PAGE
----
With today being the re-launch of Talli’s The Pollyanna Plan, I’m delighted to welcome Talli to JJ.
Talli lives in London, UK, where she savours the great cultural life (wine and coffee).
When not hunched over the keyboard or staring out the window, she drinks coffee. And wine.
Hi Talli, great to have you back on JJ
Please summarise The Pollyanna Plan in 20 words or less.
Emma Beckett has always looked down on optimists, but when her world falls apart , she decides to behave like Pollyanna.
What was the idea/inspiration for your novel?
As a former athlete, the power of positive thinking was drilled into me. I wanted to show positive thinking can make a difference by applying that philosophy to a habitually negative woman, and demonstrate how her perspective changes her life.
Do you have a most creative time of day?
I am most definitely a morning person . . . after several cups of coffee! I try to get the bulk of my writing done before noon. I tend to stress if it’s not, because my mind works so much slower in the afternoon. And come evening, it’s wine o’clock (of course!) and there’s no way I’d try to write after alcohol.
Do you have a favourite book? Why? What is it about that book?
I love the novel Prep by Curtis Sittenfeld, because it so accurately captures all the angst and self-consciousness of a teen in minute detail, while also managing to be a compelling and engaging read. (scuttling off to add to wish list)
What are you reading now? Opinion?
I just finished Watching Over You, a psychological thriller by Mel Sherratt. It’s super scary but I just couldn’t stop reading. Word of warning: don’t read it before bedtime! Or if you do, keep the light on.
Are there any self-publishing tips you could share with new writers that have worked well for you?
As someone who has both traditionally published and self-published, I think I’ve experienced the best of both worlds. My top tip for those thinking of self-publishing is to be professional. Hire an editor and a cover designer if you can, and treat your venture like a business. It’s fine to engage in promotion, but don’t overdo it.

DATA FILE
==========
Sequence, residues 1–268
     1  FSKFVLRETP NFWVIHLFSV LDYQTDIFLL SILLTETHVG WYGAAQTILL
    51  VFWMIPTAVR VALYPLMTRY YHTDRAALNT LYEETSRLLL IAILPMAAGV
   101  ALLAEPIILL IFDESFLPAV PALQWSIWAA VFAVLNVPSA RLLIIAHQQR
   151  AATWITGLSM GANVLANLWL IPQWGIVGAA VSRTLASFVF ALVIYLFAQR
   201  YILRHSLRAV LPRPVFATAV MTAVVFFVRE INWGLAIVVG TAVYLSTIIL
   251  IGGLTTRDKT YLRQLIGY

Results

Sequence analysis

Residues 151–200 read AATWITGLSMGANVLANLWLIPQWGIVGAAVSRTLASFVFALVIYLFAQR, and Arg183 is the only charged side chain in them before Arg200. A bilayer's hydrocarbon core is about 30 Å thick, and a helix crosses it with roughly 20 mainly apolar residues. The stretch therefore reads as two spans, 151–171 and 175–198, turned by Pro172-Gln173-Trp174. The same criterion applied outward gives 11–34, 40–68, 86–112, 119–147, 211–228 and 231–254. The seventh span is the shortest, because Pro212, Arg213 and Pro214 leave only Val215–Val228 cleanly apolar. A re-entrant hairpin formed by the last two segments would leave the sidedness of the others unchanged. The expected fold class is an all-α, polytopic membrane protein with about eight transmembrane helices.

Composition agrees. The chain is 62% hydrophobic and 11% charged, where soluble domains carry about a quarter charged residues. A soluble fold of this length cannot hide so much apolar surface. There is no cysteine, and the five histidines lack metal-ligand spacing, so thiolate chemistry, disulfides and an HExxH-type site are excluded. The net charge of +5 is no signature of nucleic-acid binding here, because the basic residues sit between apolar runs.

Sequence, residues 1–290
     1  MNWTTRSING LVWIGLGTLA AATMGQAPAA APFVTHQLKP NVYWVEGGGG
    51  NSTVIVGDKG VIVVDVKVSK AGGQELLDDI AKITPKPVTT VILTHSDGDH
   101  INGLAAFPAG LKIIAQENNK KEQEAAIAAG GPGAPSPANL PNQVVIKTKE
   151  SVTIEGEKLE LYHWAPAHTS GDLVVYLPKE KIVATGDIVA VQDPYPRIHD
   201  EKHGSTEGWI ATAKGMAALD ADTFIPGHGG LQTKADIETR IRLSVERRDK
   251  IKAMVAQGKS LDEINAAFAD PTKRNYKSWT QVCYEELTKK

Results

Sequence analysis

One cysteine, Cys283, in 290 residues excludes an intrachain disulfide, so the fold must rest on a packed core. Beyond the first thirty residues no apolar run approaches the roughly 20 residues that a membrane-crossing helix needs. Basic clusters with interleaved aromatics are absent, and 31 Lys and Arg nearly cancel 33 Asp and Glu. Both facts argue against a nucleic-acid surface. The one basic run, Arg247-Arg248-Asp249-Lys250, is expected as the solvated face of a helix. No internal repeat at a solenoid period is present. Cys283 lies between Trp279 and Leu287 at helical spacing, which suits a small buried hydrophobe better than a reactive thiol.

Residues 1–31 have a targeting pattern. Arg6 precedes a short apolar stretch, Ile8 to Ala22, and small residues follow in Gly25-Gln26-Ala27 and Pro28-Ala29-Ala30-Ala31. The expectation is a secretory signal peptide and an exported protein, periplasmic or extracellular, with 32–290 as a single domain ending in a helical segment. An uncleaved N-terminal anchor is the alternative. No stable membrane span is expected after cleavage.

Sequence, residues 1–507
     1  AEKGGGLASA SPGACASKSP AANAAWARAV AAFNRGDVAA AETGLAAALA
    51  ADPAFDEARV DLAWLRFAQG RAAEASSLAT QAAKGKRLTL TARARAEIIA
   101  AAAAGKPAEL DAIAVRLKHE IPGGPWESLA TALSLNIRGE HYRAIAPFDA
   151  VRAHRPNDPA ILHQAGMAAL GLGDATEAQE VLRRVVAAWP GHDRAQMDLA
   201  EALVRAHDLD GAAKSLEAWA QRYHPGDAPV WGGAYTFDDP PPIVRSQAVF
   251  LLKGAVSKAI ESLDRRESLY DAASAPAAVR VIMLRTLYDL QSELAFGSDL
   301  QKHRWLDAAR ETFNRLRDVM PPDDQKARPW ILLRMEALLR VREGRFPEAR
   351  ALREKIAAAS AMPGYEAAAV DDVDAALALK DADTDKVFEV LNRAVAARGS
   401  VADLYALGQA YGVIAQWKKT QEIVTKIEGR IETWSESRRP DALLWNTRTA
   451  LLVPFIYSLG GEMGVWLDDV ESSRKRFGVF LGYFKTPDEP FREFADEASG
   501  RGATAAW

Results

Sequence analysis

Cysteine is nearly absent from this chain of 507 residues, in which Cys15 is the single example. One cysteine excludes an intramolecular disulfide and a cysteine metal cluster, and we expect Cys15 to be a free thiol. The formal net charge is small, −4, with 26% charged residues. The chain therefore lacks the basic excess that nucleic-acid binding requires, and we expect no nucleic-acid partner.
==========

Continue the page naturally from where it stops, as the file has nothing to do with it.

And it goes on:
Being a writer can be lonely. Do you have a support network?
Yes, and it’s called Twitter! There’s a great group of writers and readers on Twitter, and at any given moment, they’re around to provide support and encouragement. Social media can be a tool to procrastinate, but it can also provide a good laugh and a bit of fun in a lonely day.
What has been the best part of your writing journey so far?
The best part has definitely been hearing from readers who’ve enjoyed my novels. Writing can be such a slog – and so personal, too – and it’s heartening when people take the time to tell you they’ve enjoyed your blood, sweat and tears! It sounds a cliché, but it really does make the struggle worth it.
What has been the worst part of your writing journey so far?
On the flip side, the worst part has been reading negative reviews. I’m of the opinion that every reader has the right to their opinion, but that doesn’t make reading such reviews any easier. I’ve realised now that I can’t please everyone, but it still hurts.
What tips do you have for other aspiring writers?
Writing can be such a solitary thing, and I wish someone had told me how wonderful writing groups and organisations can be. I joined the Romantic Novelists’ Association a few years after I started writing full-time, and it’s been a fantastic support network.
Thanks Talli. Have to agree with you about Twitter. I’ve also really enjoyed meeting face-to-face authors/readers I’ve chatted with through Twitter.
Wishing you success with the re-launch of The Polyanna Plan.
With her world spinning out of control and bolstered by a challenge from her best friend, Emma makes a radical decision. From here on in, she’ll behave like Pollyanna: attempting to always see the upside, no matter how dire the situation.
Can adopting a positive attitude give Emma the courage to build a new life, or is finding the good in everything a very bad idea?